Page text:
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Our society, as most Native societies, is matrilineal. Miss Navajo exemplifies the essence of First Woman, White Shell Woman and Changing Woman, which are deities in our culture. From that point it became a goal of mine, and I talked about it all the time. When I got older, I spent the summer before the pageant preparing for it.

RC: Basically you're tested on your knowledge of the Navajo government, the culture, the stories, the songs and the Navajo philosophy of life. You're tested on butchering a sheep and making fry bread and other traditional foods of the Navajo people. It usually lasts about a week. What separates our pageant from the Miss USA pageant is the bikini — we don't have a swimsuit category!

TR: What was the overall reaction in the Navajo community when you won?

RC: As soon as I was crowned, it was in the newspapers. But every negative newspaper article that came out about me holding the title of Miss Navajo was outnumbered by support letters for me. The people who disagreed with me being selected were a small group of individuals, versus the majority of the Navajo people who were in favor and looked past the color line. They decided that I was able to represent our people because of the knowledge that I had.

TR: Were you surprised by the backlash that you received?

RC: I wasn't surprised. I knew it was going to happen. Right before I left to go to compete in the pageant, my grandmother sat down with me. She said to me, "My child, I just want you to know that there are going to be some people who are not going to be accepting of this."

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Growing up, I was taunted at school with racial slurs and would come home in tears. My grandmother would be there, waiting to console me. She always said, "Let 'em talk. You are a Navajo woman. This is your land. This is how I raised you. You be proud of who you are." Every time, that's what she would say.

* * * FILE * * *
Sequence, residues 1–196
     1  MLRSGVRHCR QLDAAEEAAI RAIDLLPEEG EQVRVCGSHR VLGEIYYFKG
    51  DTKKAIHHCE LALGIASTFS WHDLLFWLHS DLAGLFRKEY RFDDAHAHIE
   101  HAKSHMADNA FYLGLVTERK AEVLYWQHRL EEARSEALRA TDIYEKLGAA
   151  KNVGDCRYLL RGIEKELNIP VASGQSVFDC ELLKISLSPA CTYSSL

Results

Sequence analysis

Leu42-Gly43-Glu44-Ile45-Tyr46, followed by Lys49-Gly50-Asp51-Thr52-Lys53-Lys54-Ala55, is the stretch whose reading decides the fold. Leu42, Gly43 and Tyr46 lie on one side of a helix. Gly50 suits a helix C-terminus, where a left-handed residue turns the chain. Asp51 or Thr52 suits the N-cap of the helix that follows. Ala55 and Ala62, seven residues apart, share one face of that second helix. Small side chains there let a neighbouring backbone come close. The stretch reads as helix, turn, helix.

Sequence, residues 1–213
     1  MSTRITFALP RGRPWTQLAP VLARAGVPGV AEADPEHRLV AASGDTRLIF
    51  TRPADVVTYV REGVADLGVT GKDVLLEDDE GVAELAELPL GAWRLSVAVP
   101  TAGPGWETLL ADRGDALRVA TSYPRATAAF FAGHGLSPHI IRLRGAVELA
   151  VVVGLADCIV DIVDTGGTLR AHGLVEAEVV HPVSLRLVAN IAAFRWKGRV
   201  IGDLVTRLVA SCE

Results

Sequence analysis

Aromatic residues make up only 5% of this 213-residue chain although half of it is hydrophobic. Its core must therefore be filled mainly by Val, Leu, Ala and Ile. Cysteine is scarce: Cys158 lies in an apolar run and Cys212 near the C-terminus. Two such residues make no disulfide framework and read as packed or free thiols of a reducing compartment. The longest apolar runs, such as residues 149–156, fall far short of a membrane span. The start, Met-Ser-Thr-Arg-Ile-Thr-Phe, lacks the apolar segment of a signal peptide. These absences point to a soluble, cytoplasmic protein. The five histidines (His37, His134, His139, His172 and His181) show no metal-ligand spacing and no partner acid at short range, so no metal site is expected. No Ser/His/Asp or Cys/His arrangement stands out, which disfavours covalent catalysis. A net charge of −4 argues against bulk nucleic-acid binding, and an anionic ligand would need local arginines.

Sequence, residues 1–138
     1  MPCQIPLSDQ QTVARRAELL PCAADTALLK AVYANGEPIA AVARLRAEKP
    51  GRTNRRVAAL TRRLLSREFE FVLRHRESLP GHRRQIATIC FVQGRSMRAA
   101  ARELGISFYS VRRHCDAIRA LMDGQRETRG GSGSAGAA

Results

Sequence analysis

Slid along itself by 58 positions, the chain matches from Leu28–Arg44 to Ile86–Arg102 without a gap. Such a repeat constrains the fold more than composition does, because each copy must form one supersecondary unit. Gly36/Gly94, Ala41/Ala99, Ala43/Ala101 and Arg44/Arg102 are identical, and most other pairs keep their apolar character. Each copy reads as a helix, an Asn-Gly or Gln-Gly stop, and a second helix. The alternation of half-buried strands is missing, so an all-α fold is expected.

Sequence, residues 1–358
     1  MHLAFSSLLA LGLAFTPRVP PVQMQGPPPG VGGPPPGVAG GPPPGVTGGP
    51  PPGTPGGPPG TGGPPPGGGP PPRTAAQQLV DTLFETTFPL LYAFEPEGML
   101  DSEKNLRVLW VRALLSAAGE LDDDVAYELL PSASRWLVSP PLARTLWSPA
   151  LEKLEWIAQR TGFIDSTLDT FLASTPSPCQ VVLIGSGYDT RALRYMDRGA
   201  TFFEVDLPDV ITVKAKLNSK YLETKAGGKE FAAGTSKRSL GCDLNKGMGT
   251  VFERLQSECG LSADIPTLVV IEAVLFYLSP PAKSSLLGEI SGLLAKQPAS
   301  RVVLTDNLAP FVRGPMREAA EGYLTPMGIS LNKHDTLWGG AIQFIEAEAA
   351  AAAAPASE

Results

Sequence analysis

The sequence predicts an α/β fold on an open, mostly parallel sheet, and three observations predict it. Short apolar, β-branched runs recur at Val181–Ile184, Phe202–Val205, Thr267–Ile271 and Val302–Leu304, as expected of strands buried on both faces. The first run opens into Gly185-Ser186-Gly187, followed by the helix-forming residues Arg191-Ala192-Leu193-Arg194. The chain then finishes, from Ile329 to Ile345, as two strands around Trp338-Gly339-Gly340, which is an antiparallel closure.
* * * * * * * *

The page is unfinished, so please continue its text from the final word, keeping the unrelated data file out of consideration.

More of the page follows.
So this day before the pageant, when she cautioned me about people who wouldn't be accepting of me participating, I turned around and told her, "Let 'em talk, Grandma. I'm a proud Navajo woman, remember?" She had a big smile on her face. I think she felt content that I was ready for what I was going to be challenged with.

TR: Do you have any connection to African-American culture and community?

 RC: I spent more time in the Navajo community growing up because my grandmother raised me. When I would come into town in Flagstaff, Ariz., to see my mom, who had black friends, and my dad's relatives, I was in the black community more. I went to high school in Flagstaff, and one day a friend was wearing a T-shirt with a big "X" on it. I said, "That's cool! I should get one that says 'R' for Radmilla!" I didn't know anything about Malcolm X. He told me to join the black student organization. I had a lot to educate myself about and embrace, because I come from two beautiful cultures.

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In the black community I also had my challenges. I was always told, "You think you're cute because you got that long, fine hair," and I would have to stand up for my Navajo side because of stereotypes placed upon the Navajo. When I'd go back to the Navajo community, I would have to stand up for my black side because of stereotypes.

It's a challenge sometimes, but I've gotten past the initial state of frustration and just use those opportunities to educate people and let people know about my culture as a Navajo woman. I think this exhibit at the Eiteljorg Museum is a wonderful opportunity for people to gain some understanding about black Natives. We exist, we're here, and through this exhibit we have an opportunity to be acknowledged and recognized.

"Black/Red: Related Through History" runs through Aug. 7 at the Eiteljorg Museum of American Indians and Western Art in Indianapolis.

Cynthia Gordy is The Root's Washington reporter.